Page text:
Ask any American kid in high school if he or she is studying too much or has too much homework and 80% will answer yes. Ask any Korean kid the same question and they will answer quite differently. A recent article from Time magazine says: “South Korean kids study day and night, which helps explain their world-beating scores. Now the government wants them to go to bed early.” South Korean students not only want more academic work, they register in record numbers with private, expensive tutors to study after school, often until after 10:00 pm. As a result, many pupils fall asleep in morning classes, apparently without penalty or concern from teachers.
Young Korean student with calculator
The essential motivation behind this studying fervor in South Korea has two vectors; one, the extreme competition for good paying jobs in the famed Korean industry, and second, the high values passed from generation to generation in that Asian country’s families. Children want to honor their parents and parents want to give their progeny the best possible future. One can visit Korean immigrants in the U.S. and witness their extraordinary energy and ambition. They excel in whatever field they choose and show this discipline from the moment they start going to school. They have no problems learning English and opening businesses; they help each other and sacrifice their free time to better themselves academically and culturally. The only possible criticism would be that they don’t easily blend in with other ethnic groups, but that changes after a couple of generations when American born Korean children really feel at home.
Now back to our American schools: Rarely do I see a student fall asleep in my classrooms because of late studying; the main cause is either texting till the wee hours of the morning or an evening job flipping burgers or selling cell phones. Yes, many teens have to work to help their family, especially in the less fortunate urban areas. Parents are guilty in the first case of letting their teen children play video games, watch TV, or use their expensive smart phones until late at night. That would be inconceivable in a South Korean family. In the second case, some school districts are offering flexible hours to accommodate those who work. It is not easy to do both: Graduate from high school and hold a job. I had to do it while in college after getting married; a tough proposition but it teaches you that nothing is impossible. One also gets to appreciate future challenges as quite feasible.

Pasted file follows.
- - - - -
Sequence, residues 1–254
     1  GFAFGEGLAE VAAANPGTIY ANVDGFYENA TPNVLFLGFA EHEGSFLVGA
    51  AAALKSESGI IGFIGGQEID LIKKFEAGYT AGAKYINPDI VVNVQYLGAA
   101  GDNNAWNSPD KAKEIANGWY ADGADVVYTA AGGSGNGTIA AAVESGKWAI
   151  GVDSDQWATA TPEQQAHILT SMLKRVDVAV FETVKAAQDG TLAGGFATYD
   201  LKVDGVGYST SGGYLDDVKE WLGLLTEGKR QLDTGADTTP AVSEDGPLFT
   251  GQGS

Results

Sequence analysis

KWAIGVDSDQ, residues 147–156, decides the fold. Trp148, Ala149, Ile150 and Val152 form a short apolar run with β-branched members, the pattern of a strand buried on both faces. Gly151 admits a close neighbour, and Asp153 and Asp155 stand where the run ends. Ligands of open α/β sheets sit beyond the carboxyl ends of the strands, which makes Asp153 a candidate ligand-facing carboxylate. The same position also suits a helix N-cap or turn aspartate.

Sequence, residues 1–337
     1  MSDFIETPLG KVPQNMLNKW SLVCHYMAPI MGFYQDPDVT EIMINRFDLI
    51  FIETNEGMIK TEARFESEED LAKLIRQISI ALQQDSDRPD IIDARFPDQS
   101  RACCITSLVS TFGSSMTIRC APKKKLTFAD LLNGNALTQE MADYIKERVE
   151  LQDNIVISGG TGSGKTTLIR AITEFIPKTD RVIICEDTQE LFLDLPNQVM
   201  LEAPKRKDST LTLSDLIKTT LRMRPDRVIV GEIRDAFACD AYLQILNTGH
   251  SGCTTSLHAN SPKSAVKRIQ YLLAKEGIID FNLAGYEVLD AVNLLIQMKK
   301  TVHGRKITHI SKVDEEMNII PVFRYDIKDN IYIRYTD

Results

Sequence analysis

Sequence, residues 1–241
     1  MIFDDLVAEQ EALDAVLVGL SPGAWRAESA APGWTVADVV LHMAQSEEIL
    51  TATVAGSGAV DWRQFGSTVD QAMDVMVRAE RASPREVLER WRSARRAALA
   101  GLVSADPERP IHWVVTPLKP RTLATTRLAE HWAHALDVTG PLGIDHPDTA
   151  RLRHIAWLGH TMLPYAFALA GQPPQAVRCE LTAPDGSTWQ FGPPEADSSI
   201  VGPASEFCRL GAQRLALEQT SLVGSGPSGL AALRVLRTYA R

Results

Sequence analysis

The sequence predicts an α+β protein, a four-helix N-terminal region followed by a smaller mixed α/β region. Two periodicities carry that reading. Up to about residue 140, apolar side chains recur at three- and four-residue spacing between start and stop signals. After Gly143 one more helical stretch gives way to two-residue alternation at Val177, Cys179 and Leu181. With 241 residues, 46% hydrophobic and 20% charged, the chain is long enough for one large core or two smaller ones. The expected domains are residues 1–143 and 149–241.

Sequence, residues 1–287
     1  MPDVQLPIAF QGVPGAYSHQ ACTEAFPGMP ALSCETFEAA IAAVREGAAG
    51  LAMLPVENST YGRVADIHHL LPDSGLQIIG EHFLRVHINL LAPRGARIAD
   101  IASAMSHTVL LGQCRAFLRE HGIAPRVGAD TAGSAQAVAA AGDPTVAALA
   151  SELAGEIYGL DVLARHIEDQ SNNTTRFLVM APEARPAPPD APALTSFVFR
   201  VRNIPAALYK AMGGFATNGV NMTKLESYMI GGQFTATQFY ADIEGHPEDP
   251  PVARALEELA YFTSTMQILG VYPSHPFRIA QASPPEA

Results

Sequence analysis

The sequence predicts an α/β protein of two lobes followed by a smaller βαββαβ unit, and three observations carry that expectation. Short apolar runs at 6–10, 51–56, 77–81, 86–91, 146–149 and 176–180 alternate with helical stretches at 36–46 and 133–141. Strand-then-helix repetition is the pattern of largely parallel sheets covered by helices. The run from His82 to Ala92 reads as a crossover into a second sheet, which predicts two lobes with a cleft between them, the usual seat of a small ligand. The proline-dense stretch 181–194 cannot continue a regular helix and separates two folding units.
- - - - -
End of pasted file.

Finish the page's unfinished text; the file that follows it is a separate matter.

There is no way I would recommend the Korean example for our students; I don’t believe for a moment that just because they get better results in those “world” tests, they know more than our American kids. Memorizing facts is easy; applying that information to make a difference in your world is an entirely different proposition. But I get really upset when I see families where discipline is so loose that the children pretty much have the run of the house and waste their time watching TV instead of improving their mind. And make no mistake: there are many cases in middle-class families. They belong to what I call the “careless generation”. Once these kids hit the job market, they are in for a rude awakening. And I blame the parents 100%.
As usual, the solution lies in the middle, that is a mixture of the good of both cultures. Let’s teach their discipline of success to our American kids, while giving our Korean immigrant friends a hearty welcome, knowing that they will eventually become true Americans.